Hi, I finally have done and finished real testing with Maximum File Size option.
Tested on LTO-6 drive with LTO-5 tape, so the results are relevant for LTO-5,
used btape utility and fill s (simplified) command.

Fortunately, I has negligible impact on tape capacity, but unfortunately, I has
really dramatical impact on overall write speed and you have to count not just 5-6
seconds, but better 8-10 seconds per file. I also added time to read one file at
140 MB/s, which is important for seeking during restores.

  File   Simplified   Simplified           Bytes     Files   Rough time to
  size    fill time    fill rate         written   written   read one file

  1 GB      6:44:18    61.8 MB/s   1498688192512      1499       00:00:07
  2 GB      4:51:30    85.7 MB/s   1498737278976       750       00:00:14
  4 GB      3:54:57   106.3 MB/s   1498762641408       375       00:00:29
  8 GB      3:24:22   122.2 MB/s   1499224932352       188       00:00:57
 16 GB      3:11:09   130.7 MB/s   1499456405504        94       00:01:54
 32 GB      3:04:35   135.4 MB/s   1499690303488        47       00:03:49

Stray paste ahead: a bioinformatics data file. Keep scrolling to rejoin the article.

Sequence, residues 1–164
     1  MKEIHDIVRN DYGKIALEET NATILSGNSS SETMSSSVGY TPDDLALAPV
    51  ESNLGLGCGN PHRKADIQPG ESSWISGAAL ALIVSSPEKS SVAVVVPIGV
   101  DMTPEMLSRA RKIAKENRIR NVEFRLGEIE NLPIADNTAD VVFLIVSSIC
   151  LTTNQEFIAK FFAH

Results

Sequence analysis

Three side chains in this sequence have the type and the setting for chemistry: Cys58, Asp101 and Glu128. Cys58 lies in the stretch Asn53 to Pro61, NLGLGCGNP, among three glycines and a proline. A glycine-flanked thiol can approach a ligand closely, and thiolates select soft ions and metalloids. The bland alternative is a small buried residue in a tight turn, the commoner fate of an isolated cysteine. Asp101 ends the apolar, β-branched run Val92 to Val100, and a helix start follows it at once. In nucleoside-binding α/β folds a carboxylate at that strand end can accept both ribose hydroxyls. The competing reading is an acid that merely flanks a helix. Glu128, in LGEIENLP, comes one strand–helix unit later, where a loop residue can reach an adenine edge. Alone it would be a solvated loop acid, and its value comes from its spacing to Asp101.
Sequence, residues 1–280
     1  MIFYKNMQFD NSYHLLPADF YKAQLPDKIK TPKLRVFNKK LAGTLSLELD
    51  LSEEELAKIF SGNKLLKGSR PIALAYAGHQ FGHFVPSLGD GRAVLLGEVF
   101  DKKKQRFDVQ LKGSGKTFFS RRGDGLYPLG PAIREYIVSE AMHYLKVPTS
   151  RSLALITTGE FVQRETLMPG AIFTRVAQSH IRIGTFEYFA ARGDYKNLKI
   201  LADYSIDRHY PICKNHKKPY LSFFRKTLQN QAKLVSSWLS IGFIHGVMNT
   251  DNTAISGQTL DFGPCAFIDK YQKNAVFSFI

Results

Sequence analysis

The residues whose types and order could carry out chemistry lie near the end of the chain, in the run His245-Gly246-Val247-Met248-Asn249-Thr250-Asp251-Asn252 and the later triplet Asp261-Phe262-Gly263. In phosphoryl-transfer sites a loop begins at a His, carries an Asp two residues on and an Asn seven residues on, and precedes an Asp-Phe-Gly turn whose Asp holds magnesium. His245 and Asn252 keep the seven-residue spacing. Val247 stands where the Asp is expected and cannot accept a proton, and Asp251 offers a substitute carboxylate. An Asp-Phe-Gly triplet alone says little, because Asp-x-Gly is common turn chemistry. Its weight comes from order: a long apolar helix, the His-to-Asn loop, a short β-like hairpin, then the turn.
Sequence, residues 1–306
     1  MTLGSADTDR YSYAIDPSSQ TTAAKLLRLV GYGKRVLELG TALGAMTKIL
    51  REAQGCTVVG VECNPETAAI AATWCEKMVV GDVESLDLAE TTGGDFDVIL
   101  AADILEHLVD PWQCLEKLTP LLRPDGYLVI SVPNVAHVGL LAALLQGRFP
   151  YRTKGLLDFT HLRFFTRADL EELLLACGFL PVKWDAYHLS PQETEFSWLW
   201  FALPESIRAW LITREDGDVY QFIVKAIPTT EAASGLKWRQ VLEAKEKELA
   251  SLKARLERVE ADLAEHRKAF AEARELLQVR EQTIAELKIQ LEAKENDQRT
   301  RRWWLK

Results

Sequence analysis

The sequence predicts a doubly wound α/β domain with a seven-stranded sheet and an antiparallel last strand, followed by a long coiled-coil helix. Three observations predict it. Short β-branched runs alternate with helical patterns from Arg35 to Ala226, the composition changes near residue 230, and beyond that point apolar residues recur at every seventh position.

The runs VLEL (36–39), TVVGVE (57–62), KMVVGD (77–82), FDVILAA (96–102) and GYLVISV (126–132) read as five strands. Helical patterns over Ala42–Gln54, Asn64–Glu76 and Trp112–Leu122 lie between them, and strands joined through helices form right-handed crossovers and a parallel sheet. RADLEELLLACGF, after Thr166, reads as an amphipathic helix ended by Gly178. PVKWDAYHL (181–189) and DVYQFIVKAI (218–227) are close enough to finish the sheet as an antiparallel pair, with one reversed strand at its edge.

64 GB      3:01:17   137.8 MB/s   1499574960128        24       00:07:37
128 GB      2:59:37   139.1 MB/s   1499603664896        12       00:15:14

And it seems that the results are perfectly reproducible. Three successive
tests with 16 GB file size have had exactly the same fill time 3:11:09!
Tests were done by mistake, when I wondered how it is possible that the
time stays exactly the same :o)

Regards.

--
Rudolf Cejka <cejkar at fit.vutbr.cz> http://www.fit.vutbr.cz/~cejkar
Brno University of Technology, Faculty of Information Technology
Bozetechova 2, 612 66  Brno, Czech Republic

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Re: Configuring autochanger with SAS LTO-5 drives

Ivan Adzhubey
Hi,

Thank you, Rudolf. This is very useful information! Thank you for taking effort
to benchmark this.

Best,
Ivan

On Friday, June 23, 2017 03:53:04 PM Cejka Rudolf wrote:

> Cejka Rudolf wrote (2017/06/05):
> > Cejka Rudolf wrote (2017/06/02):
> > > Ivan Adzhubey wrote (2017/06/01):
> > > > b) What is the effect of MaximumFileSize option and what would be its
> > > > optimal value for my IBM LTO-5 SAS drives? I have used 8GB value
> > > > found in one of the list posts, while the documentation suggests 2GB